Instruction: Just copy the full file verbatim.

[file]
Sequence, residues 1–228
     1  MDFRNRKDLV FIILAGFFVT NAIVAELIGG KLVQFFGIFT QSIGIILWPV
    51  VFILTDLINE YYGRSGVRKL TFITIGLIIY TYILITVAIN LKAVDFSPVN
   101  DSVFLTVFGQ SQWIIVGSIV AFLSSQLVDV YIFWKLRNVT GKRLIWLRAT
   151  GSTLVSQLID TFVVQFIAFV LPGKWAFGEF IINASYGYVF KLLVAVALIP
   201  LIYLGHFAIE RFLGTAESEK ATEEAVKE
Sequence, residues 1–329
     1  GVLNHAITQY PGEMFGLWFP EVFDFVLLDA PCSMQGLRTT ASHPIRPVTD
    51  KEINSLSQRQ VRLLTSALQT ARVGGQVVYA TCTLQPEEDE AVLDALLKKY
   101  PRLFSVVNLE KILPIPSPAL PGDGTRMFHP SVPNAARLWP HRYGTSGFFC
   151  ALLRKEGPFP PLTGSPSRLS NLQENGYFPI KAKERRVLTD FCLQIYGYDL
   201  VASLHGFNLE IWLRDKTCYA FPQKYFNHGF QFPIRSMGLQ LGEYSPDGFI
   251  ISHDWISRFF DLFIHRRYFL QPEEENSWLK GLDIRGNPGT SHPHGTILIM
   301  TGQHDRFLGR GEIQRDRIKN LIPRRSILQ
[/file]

Sequence, residues 1–228
     1  MDFRNRKDLV FIILAGFFVT NAIVAELIGG KLVQFFGIFT QSIGIILWPV
    51  VFILTDLINE YYGRSGVRKL TFITIGLIIY TYILITVAIN LKAVDFSPVN
   101  DSVFLTVFGQ SQWIIVGSIV AFLSSQLVDV YIFWKLRNVT GKRLIWLRAT
   151  GSTLVSQLID TFVVQFIAFV LPGKWAFGEF IINASYGYVF KLLVAVALIP
   201  LIYLGHFAIE RFLGTAESEK ATEEAVKE
Sequence, residues 1–329
     1  GVLNHAITQY PGEMFGLWFP EVFDFVLLDA PCSMQGLRTT ASHPIRPVTD
    51  KEINSLSQRQ VRLLTSALQT ARVGGQVVYA TCTLQPEEDE AVLDALLKKY
   101  PRLFSVVNLE KILPIPSPAL PGDGTRMFHP SVPNAARLWP HRYGTSGFFC
   151  ALLRKEGPFP PLTGSPSRLS NLQENGYFPI KAKERRVLTD FCLQIYGYDL
   201  VASLHGFNLE IWLRDKTCYA FPQKYFNHGF QFPIRSMGLQ LGEYSPDGFI
   251  ISHDWISRFF DLFIHRRYFL QPEEENSWLK GLDIRGNPGT SHPHGTILIM
   301  TGQHDRFLGR GEIQRDRIKN LIPRRSILQ